Emotional intelligence (EI) is the ability to manage and read emotions. And EI is becoming an increasingly valuable quality in financial advisors, as clients depend on you to help them get through uncertain financial conditions.

Further, a high measure of EI will help you hold your ground amid increasing competition from robo-advisors. As an active listener and an empathetic voice, you can respond effectively to your clients’ concerns.

“[EI] gives you the insight and the skill to communicate with your clients in a way that resonates with them,” says Evan Thompson, business coach and founder of Evan Thompson and Associates in Toronto.

If you are armed with EI, you can allay a client’s fears in moments of distress. And, in times of doubt, you can offer reassurance.

Thompson shares tips on how to exercise emotional intelligence in your interactions with clients:

> Listen before you react
EI might be considered a “soft” skill, but when you are faced with a delicate situation, an aptitude for handling emotions is critical. Advisors with a high degree of EI are effective communicators who are attentive — and sensitive — to what others might be feeling at a given moment.

When a client comes to you in a state of panic, you need to be prepared to offer an appropriate response, Thompson says. If, for example, a client informs you that he or she has made a risky investment against your advice, don’t immediately launch into crisis-management mode.

Express empathy and let your client relate their story without fear of judgment. “If you really listen actively and make mental notes of everything being said,” Thompson says, “you’re better able to offer useful advice.”

> Don’t make assumptions
Those who are emotionally intelligent “don’t bring their views or assumptions into the conversation,” Thompson says. Instead, they try to understand the situation from the other person’s perspective.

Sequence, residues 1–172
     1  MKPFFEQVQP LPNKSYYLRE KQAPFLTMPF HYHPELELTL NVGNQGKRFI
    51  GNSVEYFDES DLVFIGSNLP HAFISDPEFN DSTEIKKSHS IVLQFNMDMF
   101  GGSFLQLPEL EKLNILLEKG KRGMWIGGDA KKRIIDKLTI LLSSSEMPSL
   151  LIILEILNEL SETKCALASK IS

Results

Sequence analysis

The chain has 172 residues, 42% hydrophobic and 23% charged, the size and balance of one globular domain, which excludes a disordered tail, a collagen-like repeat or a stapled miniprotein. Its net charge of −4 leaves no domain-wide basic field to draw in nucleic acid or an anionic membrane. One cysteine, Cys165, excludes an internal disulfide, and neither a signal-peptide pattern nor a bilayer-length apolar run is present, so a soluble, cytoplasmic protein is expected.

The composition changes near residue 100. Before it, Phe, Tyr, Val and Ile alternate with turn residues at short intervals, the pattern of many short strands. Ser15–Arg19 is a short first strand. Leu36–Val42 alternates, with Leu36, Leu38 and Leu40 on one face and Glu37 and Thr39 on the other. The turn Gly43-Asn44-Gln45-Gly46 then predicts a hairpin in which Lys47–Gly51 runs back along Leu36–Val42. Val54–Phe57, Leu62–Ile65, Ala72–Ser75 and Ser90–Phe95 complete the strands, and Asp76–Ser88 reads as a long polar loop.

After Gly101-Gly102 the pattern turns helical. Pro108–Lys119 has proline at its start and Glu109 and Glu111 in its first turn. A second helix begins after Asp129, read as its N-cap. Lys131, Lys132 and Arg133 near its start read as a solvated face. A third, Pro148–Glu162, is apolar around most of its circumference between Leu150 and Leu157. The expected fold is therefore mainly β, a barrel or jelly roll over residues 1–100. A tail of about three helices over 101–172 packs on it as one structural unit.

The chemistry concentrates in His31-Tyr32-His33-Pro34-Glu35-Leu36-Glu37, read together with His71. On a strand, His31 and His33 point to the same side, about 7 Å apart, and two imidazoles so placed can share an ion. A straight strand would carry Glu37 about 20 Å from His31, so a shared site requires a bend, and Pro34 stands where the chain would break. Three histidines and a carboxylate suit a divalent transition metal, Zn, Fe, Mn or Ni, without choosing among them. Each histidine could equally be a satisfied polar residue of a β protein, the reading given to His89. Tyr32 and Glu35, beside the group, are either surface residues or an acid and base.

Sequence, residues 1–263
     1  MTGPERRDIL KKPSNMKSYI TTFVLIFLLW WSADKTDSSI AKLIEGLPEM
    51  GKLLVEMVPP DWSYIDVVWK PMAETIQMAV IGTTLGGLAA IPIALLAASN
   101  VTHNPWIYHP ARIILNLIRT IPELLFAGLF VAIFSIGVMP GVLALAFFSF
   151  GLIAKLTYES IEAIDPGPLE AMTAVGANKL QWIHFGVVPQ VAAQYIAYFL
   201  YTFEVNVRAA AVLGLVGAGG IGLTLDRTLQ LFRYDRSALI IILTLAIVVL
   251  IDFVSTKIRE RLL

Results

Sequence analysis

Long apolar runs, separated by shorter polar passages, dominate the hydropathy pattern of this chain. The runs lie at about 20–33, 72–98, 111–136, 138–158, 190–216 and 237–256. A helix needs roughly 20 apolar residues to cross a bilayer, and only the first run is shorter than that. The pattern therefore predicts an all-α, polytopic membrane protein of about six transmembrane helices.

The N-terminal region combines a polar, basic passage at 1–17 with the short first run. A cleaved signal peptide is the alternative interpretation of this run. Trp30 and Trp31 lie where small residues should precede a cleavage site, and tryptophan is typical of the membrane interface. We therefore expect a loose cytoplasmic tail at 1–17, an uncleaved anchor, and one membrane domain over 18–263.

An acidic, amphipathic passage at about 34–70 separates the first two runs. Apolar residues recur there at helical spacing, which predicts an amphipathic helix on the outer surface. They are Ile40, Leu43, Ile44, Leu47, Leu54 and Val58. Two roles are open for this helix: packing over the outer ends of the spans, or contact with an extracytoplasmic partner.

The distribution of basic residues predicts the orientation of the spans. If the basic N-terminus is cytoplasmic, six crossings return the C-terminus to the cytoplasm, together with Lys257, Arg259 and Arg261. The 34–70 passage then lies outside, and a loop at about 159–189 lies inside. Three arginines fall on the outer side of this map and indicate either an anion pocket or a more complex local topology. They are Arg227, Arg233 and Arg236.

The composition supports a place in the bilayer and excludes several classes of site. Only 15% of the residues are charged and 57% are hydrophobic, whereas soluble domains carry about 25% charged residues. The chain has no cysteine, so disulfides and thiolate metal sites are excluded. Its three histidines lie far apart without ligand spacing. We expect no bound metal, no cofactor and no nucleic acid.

The best way to relate to people whose life experiences are different from yours is to give them respect.

Thompson offers the example of an advisor holding a family meeting that includes various generations. If you want to make an effort to connect with millennials, he says, avoid trying to connect with them in ways that will appear unnatural or forced.

You’re not there to chat them up about pop culture; you’re there to discuss the family’s financial future. Otherwise, he says, they might feel as if you are treating them like teenagers rather than the adults they are.

Focus the conversation on the issues at hand, Thompson adds. And be as inclusive as possible by addressing your comments to everyone.

> Pay attention to body language
Be mindful of the way your client is engaging with you. An ability to pick up on non-verbal cues can help you bridge gaps in communication, Thompson says.

“If a client is sitting upright, with legs and arms crossed in a defensive gesture,” Thompson says, “[he’s] probably not buying what you are suggesting.”

At the same time, be aware of the non-verbal signals you may be sending and avoid projecting emotions onto others.

And remember that people have “off” days, Thompson says. So do not take things personally.

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